I already read many discussion about this topic (comparison between lomb-scargle and fft , Plotting power spectrum in python, Scipy/Numpy FFT Frequency Analysis, and many others), but still can't manage it, so I need some tips.
I have a list of photon events (detections vs time), the data are available here. The columns are `time`

, `counts`

, `errors`

, and counts in different energy bands (you can ignore them). I know the source has a periodicity around `8.9 days = 1.3*10^-6 Hz`

.
I would like to plot the Power spectrum density showing a peak at this frequency (on a log x-axis, possibly). It would also be nice if I can avoid the half part of the plot (symmetric). This is my code till now, not so far but still something:

```
import numpy as np
from scipy.fftpack import fft, rfft, fftfreq
import pylab as plt
x,y = np.loadtxt('datafile.txt', usecols = (0,1), unpack=True)
y = y - y.mean() # Removes the large value at the 0 frequency that we don't care about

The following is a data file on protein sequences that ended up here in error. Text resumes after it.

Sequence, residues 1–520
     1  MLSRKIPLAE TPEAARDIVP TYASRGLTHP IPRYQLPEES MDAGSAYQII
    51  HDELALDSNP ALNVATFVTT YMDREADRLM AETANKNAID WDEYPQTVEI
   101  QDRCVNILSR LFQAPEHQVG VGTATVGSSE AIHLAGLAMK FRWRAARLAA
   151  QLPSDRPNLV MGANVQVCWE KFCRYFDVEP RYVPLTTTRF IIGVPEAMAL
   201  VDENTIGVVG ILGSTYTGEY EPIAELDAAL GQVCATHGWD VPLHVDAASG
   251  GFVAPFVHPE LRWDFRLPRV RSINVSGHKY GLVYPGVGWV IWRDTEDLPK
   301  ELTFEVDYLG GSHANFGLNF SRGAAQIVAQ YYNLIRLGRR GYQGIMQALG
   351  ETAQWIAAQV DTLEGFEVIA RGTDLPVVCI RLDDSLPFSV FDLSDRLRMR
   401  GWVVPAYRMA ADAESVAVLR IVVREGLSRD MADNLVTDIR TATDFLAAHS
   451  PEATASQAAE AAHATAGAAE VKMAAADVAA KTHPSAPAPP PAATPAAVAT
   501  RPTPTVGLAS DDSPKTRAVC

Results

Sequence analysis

f_range = np.linspace(10**(-7), 10**(-5), 1000)
W = fftfreq(y.size, d=x[1]-x[0])
plt.subplot(2,1,1)
plt.plot(x,y)
plt.xlabel('Time (days)')
f_signal = fft(y)
plt.subplot(2,1,2)
plt.plot(W, abs(f_signal))
plt.xlabel('Frequency (Hz)')
```

Here the (useless) plot produced:

`fftfreq`

only works with`fft`

, not`rfft`

(which has a different frequency axis); 2)`rfft`

gives a complex result so plot`abs(f_signal)`

. – tom10 Feb 4 '14 at 3:28`f_signal = fft(y)`

instead of`f_signal = rfft(y)`

? – Py-ser Feb 4 '14 at 3:42`fft(y)`

or`rfft(y)`

should work since your signal is real, but since`fft`

has the correspondence to`fftfreq`

,`fft`

is probably (counter-intuitively) the easiest way to get the frequency axis right. (Also, with either, you have to get the magnitude also, ie, use`abs`

, since it's not uncommon just plotting real component that the result looks choppy like you show since power is moving between the R and I components.) – tom10 Feb 4 '14 at 3:50`Hz`

? It's more likely`1/days`

since days is the unit of your data. Then the tallest peak could reasonably be at 9 days. That is, I think you basically have what you want, just massage it a bit. So: 0) make sure the units are correct; 1) zoom in on the x-axis to see the interesting part better; 2) maybe use rfft; 3) take the log if you want. – tom10 Feb 4 '14 at 6:37